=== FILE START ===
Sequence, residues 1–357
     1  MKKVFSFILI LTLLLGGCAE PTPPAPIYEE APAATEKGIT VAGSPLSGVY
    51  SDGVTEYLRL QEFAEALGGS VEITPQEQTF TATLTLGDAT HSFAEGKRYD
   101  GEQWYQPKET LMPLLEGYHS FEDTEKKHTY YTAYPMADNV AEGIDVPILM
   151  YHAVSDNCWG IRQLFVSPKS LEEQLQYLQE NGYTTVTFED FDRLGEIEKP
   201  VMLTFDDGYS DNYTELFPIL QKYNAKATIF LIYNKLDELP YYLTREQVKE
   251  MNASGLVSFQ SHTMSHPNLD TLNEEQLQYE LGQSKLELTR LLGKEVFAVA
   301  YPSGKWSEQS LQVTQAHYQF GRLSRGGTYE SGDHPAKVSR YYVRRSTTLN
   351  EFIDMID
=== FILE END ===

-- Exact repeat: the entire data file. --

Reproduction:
Sequence, residues 1–357
     1  MKKVFSFILI LTLLLGGCAE PTPPAPIYEE APAATEKGIT VAGSPLSGVY
    51  SDGVTEYLRL QEFAEALGGS VEITPQEQTF TATLTLGDAT HSFAEGKRYD
   101  GEQWYQPKET LMPLLEGYHS FEDTEKKHTY YTAYPMADNV AEGIDVPILM
   151  YHAVSDNCWG IRQLFVSPKS LEEQLQYLQE NGYTTVTFED FDRLGEIEKP
   201  VMLTFDDGYS DNYTELFPIL QKYNAKATIF LIYNKLDELP YYLTREQVKE
   251  MNASGLVSFQ SHTMSHPNLD TLNEEQLQYE LGQSKLELTR LLGKEVFAVA
   301  YPSGKWSEQS LQVTQAHYQF GRLSRGGTYE SGDHPAKVSR YYVRRSTTLN
   351  EFIDMID